if (millis() - lastBlinkTime > blinkInterval) {
      // save the last time

      lastBlinkTime = millis();   
      if(toggle == 1) {

        digitalWrite(ledPin, LOW);
        toggle = 0;

      else {
        digitalWrite(ledPin, HIGH);
        toggle = 1;

  // Send data only when you receive data:
  if (Serial.available() > 0) {

        while(Serial.available()) {


	// Say what you got to say:


// Calculates the mean of all items in the array
double mean(double *a, double length) {

  double sum = 0;
  for(int i = 0; i < length; i++) {

    sum += a[i];
  return (sum/length);


// Assigns the new item as first element of an array and shifts every other
// items one position to the end. The last item is discarded
void shift_in(double newItem, double *a, double length) {

  for(int i = length-2; 0 <= i ; i--) {

    a[i+1] = a[i];

  a[0] = newItem;

// The self-contained fetch temp function.
// Most of the code was taken from the example code of this page:

double fetchTemp(void) {
  byte i;

  byte present = 0;
  byte data[12];

  byte addr[8];

	// Some test routines
  if ( ! {


  if ( OneWire::crc8( addr, 7) != addr[7]) {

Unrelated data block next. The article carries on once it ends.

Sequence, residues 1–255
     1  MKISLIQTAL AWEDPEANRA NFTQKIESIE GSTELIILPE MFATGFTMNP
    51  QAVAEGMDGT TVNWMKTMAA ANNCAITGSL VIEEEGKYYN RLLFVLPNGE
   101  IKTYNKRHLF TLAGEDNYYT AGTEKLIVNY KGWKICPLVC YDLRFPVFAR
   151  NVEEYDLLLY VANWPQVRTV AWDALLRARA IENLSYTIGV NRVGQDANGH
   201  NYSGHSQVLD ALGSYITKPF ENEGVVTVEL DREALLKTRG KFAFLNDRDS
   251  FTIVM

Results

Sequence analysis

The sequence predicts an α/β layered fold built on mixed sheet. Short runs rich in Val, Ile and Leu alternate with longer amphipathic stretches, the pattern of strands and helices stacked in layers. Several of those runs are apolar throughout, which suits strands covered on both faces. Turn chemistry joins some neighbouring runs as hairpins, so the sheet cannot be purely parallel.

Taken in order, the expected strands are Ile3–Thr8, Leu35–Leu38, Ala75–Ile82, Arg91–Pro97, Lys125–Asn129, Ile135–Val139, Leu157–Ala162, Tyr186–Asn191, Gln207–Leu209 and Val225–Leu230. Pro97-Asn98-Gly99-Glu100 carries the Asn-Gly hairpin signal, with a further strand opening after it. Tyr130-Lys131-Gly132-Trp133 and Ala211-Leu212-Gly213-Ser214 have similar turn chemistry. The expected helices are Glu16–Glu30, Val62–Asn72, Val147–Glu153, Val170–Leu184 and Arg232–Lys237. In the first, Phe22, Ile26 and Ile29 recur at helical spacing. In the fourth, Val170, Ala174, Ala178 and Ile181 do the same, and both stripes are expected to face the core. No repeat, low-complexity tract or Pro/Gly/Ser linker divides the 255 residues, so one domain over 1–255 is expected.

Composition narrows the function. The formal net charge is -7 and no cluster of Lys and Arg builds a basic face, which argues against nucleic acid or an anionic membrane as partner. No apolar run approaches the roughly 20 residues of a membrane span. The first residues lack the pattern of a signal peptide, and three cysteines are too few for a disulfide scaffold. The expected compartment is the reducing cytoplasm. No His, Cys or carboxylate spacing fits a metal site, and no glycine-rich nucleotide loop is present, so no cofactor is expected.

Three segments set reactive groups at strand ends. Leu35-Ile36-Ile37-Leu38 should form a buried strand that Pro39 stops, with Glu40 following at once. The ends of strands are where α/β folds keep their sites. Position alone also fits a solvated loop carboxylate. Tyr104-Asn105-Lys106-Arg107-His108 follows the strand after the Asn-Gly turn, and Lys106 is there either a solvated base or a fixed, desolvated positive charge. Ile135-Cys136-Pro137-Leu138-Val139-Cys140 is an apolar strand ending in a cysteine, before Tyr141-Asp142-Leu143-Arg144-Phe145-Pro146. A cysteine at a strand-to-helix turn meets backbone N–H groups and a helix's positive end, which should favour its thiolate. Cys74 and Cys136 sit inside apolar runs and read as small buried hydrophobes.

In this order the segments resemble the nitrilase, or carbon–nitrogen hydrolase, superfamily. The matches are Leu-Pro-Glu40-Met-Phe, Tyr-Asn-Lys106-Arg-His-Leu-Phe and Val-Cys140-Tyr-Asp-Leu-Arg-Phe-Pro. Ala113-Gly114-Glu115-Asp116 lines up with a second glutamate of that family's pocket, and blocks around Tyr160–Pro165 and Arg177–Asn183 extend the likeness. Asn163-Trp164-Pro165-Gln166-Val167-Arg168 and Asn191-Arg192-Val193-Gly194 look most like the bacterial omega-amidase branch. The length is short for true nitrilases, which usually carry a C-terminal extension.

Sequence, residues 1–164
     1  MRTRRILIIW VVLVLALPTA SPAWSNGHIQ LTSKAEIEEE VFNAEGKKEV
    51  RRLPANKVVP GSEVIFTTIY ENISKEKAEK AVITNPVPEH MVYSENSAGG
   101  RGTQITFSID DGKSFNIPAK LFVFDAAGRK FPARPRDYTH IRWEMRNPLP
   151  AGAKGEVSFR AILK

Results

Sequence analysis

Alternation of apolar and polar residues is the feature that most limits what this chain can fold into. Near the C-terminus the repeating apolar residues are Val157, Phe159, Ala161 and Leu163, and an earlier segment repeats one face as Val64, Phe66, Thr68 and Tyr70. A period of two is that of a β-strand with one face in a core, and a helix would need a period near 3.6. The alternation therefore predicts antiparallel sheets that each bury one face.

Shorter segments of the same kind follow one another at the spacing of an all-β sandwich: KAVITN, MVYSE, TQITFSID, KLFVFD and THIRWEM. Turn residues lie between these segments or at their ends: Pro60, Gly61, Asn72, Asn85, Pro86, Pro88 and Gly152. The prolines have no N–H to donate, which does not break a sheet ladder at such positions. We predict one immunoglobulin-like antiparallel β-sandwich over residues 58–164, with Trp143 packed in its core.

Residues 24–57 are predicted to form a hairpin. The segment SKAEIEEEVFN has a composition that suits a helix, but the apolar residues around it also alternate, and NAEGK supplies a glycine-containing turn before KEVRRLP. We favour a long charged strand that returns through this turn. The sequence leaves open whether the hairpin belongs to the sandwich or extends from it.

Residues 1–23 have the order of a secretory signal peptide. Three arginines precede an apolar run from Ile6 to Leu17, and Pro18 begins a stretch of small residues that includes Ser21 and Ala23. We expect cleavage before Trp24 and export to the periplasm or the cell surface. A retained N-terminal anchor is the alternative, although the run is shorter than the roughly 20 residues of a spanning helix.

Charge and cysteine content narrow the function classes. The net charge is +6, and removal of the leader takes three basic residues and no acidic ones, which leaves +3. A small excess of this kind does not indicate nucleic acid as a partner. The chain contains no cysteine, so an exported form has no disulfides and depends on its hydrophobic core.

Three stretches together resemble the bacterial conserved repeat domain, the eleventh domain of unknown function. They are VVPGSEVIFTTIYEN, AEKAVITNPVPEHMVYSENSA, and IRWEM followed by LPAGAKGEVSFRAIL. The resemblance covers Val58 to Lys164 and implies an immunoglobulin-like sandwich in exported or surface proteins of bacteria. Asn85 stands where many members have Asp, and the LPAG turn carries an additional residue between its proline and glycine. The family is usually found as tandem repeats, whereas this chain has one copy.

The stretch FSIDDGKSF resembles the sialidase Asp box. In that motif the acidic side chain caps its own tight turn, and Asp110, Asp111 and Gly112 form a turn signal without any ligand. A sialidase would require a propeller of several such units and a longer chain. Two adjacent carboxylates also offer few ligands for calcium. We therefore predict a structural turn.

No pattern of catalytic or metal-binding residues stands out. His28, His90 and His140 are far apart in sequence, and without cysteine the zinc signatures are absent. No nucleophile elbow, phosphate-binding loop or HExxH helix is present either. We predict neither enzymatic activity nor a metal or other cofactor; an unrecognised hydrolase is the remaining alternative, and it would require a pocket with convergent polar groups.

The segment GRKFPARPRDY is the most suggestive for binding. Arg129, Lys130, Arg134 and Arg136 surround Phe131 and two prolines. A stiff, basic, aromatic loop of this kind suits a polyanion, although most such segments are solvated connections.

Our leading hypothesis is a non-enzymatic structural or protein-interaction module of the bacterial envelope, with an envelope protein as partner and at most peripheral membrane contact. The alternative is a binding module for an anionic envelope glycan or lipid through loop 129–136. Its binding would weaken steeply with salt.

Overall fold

Serial.print("CRC is not valid!\n");

  if ( addr[0] != 0x28) {

      Serial.print("Device is not a DS18B20 family device.\n");

  ds.write(0x44,1);         // start conversion, with parasite power on at the end

  delay(1000);     // maybe 750ms is enough, maybe not
  // we might do a ds.depower() here, but the reset will take care of it.

  present = ds.reset();;    
  ds.write(0xBE);         // Read Scratchpad

  for ( i = 0; i < 9; i++) {           // we need 9 bytes

    data[i] =;
    // Debug output:
   	//Serial.print(data[i], HEX);

    //Serial.print(" ");
  int HighByte, LowByte, TReading, SignBit, Tc_100, Whole, Fract;

  double result;
  LowByte = data[0];
  HighByte = data[1];

  TReading = (HighByte << 8) + LowByte;
  SignBit = TReading & 0x8000;  // test most sig bit

  if (SignBit) // negative
    TReading = (TReading ^ 0xffff) + 1; // 2's comp

  Tc_100 = (6 * TReading) + TReading / 4;    // multiply by (100 * 0.0625) or 6.25

  Whole = Tc_100 / 100;  // separate off the whole and fractional portions
  Fract = Tc_100 % 100;

  result = Whole;
  result += ((double)Fract/100);

  if(SignBit) {
    result *= -1;

  return result;

On Linux: Perl Fetch Script